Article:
Carolina Beach Fossils’ Hunter Mooney recently discovered an eye, or rather a jaw, opening a shark’s tooth off the North Carolina coast.
Mooney, a keen water sports enthusiast, was diving about 40 miles offshore at the infamous “Meg Ledge” – a dive site known for its abundance of prehistoric shark teeth when he found the tooth.
Hunter Says Reef Outdoors:
“I’ve been out there, you know, doing my thing and looking for teeth and not finding much. I was nearing the end of the dive when I saw this big old shape in the sand.
I used my hand to fan out the top layer of sand and just started screaming into my regulator…that beautiful tooth was staring at me…that thing was huge!”
Mooney completed his dive and brought the tooth to the surface. The official measurement was 6.9 inches, setting North Carolina state’s record for the largest shark tooth ever found in the state.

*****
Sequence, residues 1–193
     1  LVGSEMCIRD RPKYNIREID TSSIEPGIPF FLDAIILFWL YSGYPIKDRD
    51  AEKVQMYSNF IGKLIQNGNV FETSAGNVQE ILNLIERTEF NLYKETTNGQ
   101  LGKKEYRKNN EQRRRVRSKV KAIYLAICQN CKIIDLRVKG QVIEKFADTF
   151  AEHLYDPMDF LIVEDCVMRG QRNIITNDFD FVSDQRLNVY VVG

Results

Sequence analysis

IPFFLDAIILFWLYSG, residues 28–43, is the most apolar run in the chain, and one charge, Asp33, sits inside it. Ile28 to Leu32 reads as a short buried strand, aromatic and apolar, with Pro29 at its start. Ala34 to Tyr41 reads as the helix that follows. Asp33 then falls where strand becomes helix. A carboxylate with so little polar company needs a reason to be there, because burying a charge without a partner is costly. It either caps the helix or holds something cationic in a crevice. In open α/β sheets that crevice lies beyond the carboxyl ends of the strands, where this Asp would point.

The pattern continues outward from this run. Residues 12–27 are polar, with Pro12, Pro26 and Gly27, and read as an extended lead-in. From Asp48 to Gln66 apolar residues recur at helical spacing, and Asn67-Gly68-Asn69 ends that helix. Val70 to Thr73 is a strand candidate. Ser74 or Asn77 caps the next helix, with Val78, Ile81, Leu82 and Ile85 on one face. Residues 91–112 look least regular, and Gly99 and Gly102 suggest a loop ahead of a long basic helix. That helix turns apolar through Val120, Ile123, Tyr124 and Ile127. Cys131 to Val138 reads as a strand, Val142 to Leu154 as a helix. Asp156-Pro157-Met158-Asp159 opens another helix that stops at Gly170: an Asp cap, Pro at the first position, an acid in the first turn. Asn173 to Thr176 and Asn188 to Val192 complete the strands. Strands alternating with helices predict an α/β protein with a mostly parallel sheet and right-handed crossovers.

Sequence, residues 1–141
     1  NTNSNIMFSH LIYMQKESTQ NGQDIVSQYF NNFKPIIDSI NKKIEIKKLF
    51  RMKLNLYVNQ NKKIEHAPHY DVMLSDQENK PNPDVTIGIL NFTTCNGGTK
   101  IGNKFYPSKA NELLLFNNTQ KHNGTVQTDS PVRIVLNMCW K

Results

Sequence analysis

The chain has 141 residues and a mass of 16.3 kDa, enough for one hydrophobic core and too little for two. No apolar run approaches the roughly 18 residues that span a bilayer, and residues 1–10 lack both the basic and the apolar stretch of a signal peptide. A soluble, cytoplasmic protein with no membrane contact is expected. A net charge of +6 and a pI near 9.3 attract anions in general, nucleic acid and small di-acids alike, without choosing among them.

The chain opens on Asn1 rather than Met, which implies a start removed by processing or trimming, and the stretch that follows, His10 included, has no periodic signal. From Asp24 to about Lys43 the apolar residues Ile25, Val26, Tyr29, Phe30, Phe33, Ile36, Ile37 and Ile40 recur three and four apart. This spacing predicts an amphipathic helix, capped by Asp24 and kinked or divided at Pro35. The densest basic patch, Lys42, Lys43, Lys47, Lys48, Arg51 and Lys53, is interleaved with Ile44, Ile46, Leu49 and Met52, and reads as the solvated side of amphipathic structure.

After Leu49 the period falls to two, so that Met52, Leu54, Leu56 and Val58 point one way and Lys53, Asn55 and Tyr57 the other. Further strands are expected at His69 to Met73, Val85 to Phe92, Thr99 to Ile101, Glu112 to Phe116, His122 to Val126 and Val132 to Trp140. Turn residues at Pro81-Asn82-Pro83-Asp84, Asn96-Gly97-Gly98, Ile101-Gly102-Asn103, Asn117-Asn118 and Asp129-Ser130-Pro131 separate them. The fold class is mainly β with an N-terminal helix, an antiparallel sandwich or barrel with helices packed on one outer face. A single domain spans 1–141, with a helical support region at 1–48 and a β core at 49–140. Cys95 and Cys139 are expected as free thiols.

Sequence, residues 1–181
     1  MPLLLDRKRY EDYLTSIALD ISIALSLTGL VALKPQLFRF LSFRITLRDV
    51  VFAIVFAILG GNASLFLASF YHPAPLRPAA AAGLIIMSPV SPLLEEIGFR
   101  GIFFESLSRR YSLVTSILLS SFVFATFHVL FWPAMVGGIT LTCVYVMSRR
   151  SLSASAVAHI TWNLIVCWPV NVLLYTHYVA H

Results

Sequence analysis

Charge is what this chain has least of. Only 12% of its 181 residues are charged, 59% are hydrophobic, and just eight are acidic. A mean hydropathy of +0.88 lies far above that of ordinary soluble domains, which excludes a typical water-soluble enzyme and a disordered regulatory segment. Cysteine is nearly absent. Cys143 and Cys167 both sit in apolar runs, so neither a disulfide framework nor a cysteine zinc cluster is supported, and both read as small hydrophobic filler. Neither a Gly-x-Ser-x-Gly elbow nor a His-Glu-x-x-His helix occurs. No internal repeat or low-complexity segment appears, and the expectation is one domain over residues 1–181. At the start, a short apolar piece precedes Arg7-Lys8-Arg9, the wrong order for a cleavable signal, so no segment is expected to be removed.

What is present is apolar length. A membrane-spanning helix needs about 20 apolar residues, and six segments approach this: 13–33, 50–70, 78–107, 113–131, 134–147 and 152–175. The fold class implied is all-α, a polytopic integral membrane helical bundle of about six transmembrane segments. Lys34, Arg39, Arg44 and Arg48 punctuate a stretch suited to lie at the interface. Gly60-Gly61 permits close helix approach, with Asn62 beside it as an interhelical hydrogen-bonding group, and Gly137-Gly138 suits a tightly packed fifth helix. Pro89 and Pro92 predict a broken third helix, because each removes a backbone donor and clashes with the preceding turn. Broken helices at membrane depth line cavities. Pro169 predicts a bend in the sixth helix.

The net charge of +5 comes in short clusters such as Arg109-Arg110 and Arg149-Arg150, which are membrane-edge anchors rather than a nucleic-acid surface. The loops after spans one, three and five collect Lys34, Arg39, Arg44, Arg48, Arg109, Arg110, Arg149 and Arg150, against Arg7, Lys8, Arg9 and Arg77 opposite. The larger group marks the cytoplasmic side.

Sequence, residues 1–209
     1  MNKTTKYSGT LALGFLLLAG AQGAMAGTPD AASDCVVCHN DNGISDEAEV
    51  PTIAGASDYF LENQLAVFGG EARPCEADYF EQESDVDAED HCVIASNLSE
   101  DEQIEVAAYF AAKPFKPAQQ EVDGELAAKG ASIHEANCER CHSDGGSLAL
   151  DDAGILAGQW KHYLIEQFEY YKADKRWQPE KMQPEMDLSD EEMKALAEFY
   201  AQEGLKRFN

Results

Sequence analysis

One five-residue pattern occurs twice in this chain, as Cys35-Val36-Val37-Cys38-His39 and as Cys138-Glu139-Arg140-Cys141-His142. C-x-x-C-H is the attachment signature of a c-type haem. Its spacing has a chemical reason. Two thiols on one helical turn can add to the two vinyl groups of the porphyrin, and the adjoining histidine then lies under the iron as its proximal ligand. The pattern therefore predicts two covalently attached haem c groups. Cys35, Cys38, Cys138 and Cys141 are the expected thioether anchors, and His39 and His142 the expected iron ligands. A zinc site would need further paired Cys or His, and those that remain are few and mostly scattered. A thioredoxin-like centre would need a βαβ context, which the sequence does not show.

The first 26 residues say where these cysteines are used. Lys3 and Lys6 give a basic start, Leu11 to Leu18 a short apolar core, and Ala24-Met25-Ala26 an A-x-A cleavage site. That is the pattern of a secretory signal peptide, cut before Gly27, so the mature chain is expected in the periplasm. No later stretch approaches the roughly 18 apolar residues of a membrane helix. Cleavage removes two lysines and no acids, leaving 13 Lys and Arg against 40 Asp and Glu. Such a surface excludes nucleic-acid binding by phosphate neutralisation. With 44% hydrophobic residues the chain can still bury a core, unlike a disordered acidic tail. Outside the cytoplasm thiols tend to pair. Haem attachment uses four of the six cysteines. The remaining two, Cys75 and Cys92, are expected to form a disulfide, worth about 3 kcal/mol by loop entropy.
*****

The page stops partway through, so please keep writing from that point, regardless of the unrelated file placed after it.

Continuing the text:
It is said that each inch of a tooth is approximately 10 feet of shark.
So do the math: a 7 inch tooth is probably from a…drum roll please…. 70 foot shark.
That’s like… 2 school buses… or 4 giraffes… or… the height of the White House.
It’s hard to imagine, but luckily for the beach-goers out there, we no longer have megalodon sharks. But their fossils have yet to be found, studied, and valued.
When asked what he does with the teeth he finds, Mooney says he likes to give them away to close friends and family and sell them through his business: Carolina Beach Fossils — a business he owns and shares with his sister Kristen Mooney operates.
A talented metalsmith, Kristen loves turning teeth into jewelry, making shark tooth earrings, necklaces and even bolo ties.
Yes, you heard that right…shark tooth bolo ties. This is country fashion… with a bite.
https://www.whiskeyriff.com/2022/08/16/north-carolina-diver-unearths-record-breaking-prehistoric-shark-tooth/ North Carolina Diver Unearths Record Breaking Prehistoric Shark Tooth